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Economic growth in Lao PDR is projected to rebound to 6.5 percent in 2019, up from 6.3 percent in 2018. Growth is expected to be driven by the construction sector, supported by investments in large infrastructure projects, and a resilient services sector, led by wholesale and retail trade growth. Against the backdrop of challenging domestic and external environments, the Government of Lao PDR has remained committed to fiscal consolidation by tightening public expenditure and improving revenue administration, according to the latest edition of the World Bank’s Lao Economic Monitor, released today.

Fiscal consolidation is expected to result in a decline in the budget deficit to 4.3 percent of GDP in 2019 down from 4.4 percent in 2018, driven by tighter control of the public wage bill and capital spending. This is expected to keep public expenditure stable at around 20 percent of GDP in 2019. The revenue to GDP ratio is projected to improve slightly in 2019 thanks to efforts to strengthen revenue administration and the legal framework. Looking forward, public debt is expected to decline from 57.2 percent of GDP in 2018 to 55.5 percent of GDP in 2021. The outlook until 2021 is subject to increasing downside risks.

Strengthening revenue collection is important to create fiscal space and reduce the burden of public debt,” said Nicola Pontara, World Bank Country Manager for Lao PDR. “Looking forward, it will be important to improve the business environment to support private sector development, including the growth of small and medium enterprises. These measures can contribute to maintaining a stable macroeconomic environment, promoting job creation and reducing poverty and inequality.”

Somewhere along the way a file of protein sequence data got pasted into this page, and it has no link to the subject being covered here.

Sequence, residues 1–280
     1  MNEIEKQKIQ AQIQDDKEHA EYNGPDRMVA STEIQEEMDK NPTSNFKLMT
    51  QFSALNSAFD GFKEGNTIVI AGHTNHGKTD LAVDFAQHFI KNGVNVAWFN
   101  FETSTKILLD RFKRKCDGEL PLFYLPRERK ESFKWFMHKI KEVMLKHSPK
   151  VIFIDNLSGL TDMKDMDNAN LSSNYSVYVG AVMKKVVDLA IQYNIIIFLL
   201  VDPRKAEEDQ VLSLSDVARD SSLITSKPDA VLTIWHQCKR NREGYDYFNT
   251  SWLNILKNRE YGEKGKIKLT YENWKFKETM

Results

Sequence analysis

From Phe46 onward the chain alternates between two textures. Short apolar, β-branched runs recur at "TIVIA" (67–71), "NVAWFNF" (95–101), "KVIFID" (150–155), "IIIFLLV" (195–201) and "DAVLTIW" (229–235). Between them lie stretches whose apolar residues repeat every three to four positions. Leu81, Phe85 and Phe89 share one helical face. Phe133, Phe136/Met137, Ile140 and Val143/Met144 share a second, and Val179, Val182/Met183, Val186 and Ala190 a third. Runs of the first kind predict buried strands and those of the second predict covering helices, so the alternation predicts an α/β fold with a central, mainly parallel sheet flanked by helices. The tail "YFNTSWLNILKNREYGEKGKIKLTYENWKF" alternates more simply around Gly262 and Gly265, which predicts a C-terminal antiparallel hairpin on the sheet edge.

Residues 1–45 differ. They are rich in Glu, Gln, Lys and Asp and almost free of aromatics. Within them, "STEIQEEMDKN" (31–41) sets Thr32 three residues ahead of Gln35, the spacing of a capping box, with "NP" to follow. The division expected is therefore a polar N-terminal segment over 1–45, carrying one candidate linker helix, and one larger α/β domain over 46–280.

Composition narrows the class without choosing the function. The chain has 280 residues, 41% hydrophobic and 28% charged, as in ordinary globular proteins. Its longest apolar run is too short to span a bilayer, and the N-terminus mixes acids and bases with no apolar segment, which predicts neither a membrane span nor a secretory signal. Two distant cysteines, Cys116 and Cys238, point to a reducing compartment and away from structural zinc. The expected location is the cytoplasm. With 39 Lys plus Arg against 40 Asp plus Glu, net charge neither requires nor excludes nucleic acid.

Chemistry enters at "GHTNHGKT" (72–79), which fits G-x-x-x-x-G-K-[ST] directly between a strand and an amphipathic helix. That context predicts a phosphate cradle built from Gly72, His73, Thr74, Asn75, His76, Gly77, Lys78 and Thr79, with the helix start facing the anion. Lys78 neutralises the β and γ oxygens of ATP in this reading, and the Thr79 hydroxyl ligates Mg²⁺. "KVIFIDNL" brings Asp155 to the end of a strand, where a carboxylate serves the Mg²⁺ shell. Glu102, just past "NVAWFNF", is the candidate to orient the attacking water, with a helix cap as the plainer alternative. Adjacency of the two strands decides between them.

The report includes a thematic section that summarizes the perceptions of small and medium enterprises (SMEs) on the business environment, based on the data of the World Bank Enterprise Survey. The key constraints reported by SMEs include access to finance, competition with informal firms – such as those that are not registered and do not comply with regulations – and electricity outages. The report maintains that strengthening the performance of SMEs can improve the quality of jobs, raise incomes, and contribute to the greater well-being of the Lao people.

The Lao Economic Monitor is published twice yearly by the World Bank Office in Lao PDR.

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Economic woes hold sway over geopolitics

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While geopolitical tensions in the Middle East Gulf remain high, with US sanctions recently extended to more Iranian officials and a Chinese oil importer, as well as another tanker seizure, oil prices (Brent) have eased back from the most recent high of $67/bbl. Shipping operations are at normal levels, albeit with higher insurance costs. The messages from various parties that vessels will be protected to the greatest extent possible, and the IEA’s recent statement that it is closely monitoring the oil security position in the Strait of Hormuz will have provided some reassurance.